A few days ago Lou Ann and I were invited to join friends for dinner and the viewing of some photos taken in the 1970s. The beach, dunes, Howard Street and the lighthouse looked much the same as they do today, of course. But we were reminded of changes over the last 40 years. In the '70s numerous wooden skiffs were tied to stakes in Silver Lake harbor and Northern Pond. Today, almost all of the island's small boats are fiberglass...and they are tied up at docks.
Several picturesque old net houses have been gone for decades. The same is true of the She-Don-Di, the Miss Miriam, the MoJohn, and numerous other shrimp trawlers that were frequently rafted up at the base docks and the fish house docks, especially in rough weather.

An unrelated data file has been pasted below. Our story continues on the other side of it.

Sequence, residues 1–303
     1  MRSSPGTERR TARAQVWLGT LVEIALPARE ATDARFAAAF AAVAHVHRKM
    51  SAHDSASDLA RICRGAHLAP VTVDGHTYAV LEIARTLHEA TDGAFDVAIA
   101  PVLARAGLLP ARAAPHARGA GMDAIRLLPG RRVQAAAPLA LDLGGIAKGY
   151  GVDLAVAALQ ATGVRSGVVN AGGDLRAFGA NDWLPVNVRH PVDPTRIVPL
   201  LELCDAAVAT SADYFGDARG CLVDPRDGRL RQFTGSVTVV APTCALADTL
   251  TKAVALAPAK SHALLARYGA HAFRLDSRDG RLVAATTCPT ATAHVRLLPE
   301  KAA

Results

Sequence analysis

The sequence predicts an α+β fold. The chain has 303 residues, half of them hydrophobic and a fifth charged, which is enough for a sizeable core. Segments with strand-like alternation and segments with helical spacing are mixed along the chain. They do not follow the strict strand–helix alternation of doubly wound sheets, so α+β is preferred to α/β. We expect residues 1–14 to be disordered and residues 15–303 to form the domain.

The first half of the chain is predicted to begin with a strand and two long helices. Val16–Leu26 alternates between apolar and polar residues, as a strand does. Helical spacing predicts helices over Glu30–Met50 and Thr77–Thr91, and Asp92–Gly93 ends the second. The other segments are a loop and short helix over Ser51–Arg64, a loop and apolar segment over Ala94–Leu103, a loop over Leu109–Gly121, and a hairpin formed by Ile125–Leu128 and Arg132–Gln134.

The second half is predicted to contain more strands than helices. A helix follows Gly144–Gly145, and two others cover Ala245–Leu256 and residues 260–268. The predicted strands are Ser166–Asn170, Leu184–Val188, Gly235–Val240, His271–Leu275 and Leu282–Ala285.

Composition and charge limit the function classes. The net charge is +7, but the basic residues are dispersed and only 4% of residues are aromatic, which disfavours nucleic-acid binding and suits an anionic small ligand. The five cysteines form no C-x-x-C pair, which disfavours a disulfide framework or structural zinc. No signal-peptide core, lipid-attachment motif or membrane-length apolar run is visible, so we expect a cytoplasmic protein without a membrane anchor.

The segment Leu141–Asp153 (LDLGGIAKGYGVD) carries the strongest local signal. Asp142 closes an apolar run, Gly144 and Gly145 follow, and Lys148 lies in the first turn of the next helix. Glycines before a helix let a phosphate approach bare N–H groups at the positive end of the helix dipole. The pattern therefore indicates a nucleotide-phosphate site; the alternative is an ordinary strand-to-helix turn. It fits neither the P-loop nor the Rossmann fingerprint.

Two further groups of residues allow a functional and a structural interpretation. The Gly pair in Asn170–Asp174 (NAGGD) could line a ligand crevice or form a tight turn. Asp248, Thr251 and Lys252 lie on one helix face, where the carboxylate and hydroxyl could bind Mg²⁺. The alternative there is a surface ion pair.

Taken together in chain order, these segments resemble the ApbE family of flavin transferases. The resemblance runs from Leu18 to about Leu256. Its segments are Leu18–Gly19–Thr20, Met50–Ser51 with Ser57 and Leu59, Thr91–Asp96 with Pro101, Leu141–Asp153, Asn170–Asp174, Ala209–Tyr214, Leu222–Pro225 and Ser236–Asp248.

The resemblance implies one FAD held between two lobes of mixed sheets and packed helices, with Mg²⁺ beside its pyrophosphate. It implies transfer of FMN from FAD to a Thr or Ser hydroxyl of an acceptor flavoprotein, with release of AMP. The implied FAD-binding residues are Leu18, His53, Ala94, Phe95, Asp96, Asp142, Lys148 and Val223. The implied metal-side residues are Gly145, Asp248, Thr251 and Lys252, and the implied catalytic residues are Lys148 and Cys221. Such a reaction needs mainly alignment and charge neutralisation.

We were also reminded of native islanders, colorful, creative people, who have died in the last half century.
Yesterday morning I was sitting in front of my gas log stove and I noticed once again my grandparents' antique mantle clock. It was purchased new in the 1930s, and continues to mark the passage of time as it tick-tocks steadily onward. I was reminded of a line from that beautiful old hymn, O God Our Help in Ages Past: "Time like an ever-rolling stream, Bears all its sons away; They fly, forgotten, as a dream Dies at the opening day."
Maybe some of our readers will remember a few of Ocracoke's memorable old-timers who are no longer with us. Please leave a comment if you'd like...so they won't be forgotten.
Our latest Ocracoke Newsletter is the story of Ocracoke and the "Lost" Colony. You can read it here: http://www.villagecraftsmen.com/news112111.htm.